It became evident to our young analyst that the process of insuring payment from the buyer was a secondary mission to understanding the buyer’s overall financial health, it’s default probability and likelihood of payment for the goods and services acquired. The primary mission of the insurance carrier was to quantify the upside and downside sales opportunity of each buyer as it related to future sales opportunities. The insured credit limit was intended to be a fluid figure.
Ultimately, the complete buyer risk assessment can never be made strictly based on the financial, banking, and credit information acquired. Any full assessment would be analyzed in concert with industry performance and trends, economic cycle, geo-political events and the buyer’s ability to have adequate financial flexibility to weather a storm.
While many aspects of risk analysis were emphasized during his training, the two most critical focal points were: cash flow from operation (CFO) and external financing flexibility. The importance of understanding debt servicing as a central risk to a company’s solvency was emphasized. All aspects would need to be constantly monitored as external factors could quickly change the company’s ability to access capital or the cost associated with financing the business become overwhelming.
Each day new data would arrive at the buyer level. In addition, information at the macro level which might impact the company’s risk profile continues to be assessed. In terms of risk of non-payment and sales opportunity, the insured buyer was being constantly monitored. No enquiry was executed in isolation. The young analyst learned that when a specific request to ensure a credit line was being assessed, the aggregate exposure associated with all interested suppliers was being evaluated. If there were seven sellers each requiring a $1m credit limit, the analysis was associated with a $7m exposure and the buyer’s ability to manage this level of trade exposure.
The depth of the resources available in this risk and financial assessment process extended far beyond the typical capabilities of the seller (insured). This included the monitoring capabilities as the seller tended to manage at the DSO level; the trade credit underwriter maintained surveillance on the buyer’s financial performance, it’s borrowing capacity, the sector’s trend, the geo-political influencers, it’s payment patterns with other suppliers, and the broad economic trends. Cover would be adjusted according to the collective data. The young analyst now understood the “why” behind the numbers. He also became keenly aware that size matters and that the trade credit insurer leverages its depth of knowledge and resources for the benefit of its clients.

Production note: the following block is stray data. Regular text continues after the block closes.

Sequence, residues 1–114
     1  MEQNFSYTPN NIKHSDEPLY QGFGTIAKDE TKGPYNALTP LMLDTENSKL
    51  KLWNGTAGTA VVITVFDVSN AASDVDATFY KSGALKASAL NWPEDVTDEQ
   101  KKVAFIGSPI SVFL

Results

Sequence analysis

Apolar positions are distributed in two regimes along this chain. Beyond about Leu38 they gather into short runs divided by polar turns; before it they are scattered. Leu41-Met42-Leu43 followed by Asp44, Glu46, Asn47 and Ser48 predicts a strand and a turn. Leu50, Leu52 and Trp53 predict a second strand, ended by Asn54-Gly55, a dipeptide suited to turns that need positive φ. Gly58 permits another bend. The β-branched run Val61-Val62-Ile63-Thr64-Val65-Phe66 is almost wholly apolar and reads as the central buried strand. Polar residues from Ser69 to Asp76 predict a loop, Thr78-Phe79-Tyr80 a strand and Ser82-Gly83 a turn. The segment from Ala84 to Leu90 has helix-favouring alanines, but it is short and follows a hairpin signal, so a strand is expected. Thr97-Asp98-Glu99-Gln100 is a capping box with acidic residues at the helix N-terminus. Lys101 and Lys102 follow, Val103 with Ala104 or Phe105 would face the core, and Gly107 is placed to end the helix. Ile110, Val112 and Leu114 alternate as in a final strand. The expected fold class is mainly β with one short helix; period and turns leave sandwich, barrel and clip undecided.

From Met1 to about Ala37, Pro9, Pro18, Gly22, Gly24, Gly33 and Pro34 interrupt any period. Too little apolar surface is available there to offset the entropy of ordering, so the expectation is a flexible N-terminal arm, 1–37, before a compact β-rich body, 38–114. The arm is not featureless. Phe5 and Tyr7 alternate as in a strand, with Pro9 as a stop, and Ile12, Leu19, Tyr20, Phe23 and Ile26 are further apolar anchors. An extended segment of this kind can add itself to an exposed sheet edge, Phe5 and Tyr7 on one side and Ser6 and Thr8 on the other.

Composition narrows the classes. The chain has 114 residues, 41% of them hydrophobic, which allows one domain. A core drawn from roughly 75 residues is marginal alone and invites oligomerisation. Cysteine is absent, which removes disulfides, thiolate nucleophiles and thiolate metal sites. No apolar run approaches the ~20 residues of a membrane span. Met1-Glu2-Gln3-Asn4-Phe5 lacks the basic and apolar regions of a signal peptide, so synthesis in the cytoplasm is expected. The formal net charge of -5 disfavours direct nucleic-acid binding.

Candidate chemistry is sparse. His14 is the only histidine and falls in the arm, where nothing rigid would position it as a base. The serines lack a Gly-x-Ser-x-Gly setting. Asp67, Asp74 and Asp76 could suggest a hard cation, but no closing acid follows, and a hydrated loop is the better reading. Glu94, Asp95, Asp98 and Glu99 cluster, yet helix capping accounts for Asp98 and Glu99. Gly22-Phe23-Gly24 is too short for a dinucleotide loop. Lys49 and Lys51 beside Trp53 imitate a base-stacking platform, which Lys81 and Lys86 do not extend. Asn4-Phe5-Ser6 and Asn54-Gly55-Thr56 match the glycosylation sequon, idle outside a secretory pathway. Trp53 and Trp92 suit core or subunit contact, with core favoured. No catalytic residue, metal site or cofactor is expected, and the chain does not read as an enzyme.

Finally, the analyst learned a valuable lesson from the many credit professionals he interacted along the way. Credit management is as much art as it is science. These professionals develop a 6th sense of the viability of their customers beyond numbers. This experience should never be under weighted, it must be factored into the final analysis.
Trade credit insurance has evolved over the past 120 years; the partnership of risk management and sales support remains one of the central value propositions to the insured. Sales optimization and asset protection can only be realized through the joint management of a buyer’s credit & risk assessment processes. From that first day, first week, and ensuing months of training; the young analyst learned that he was not in the credit insurance business, he was in the credit management business. He also realized that he became an extension of his clients’ credit and risk management department fully integrated with a common mission to grow sales, improve operational performance and protect their capital, cash flow and earnings. Each client had their respective credit, receivable and risk management departments extended by the global reach associated with thousands of highly trained professionals who specialize in credit, financial and economic assessment. Effectively, their credit management team grew by the aggregate number of financial professionals associated with each of these trade credit insurance teams, leased through part of their annual premium.
As for that young analyst who discovered the answer to “why”, that young man was me. The passion continues to this day, it gets in your blood.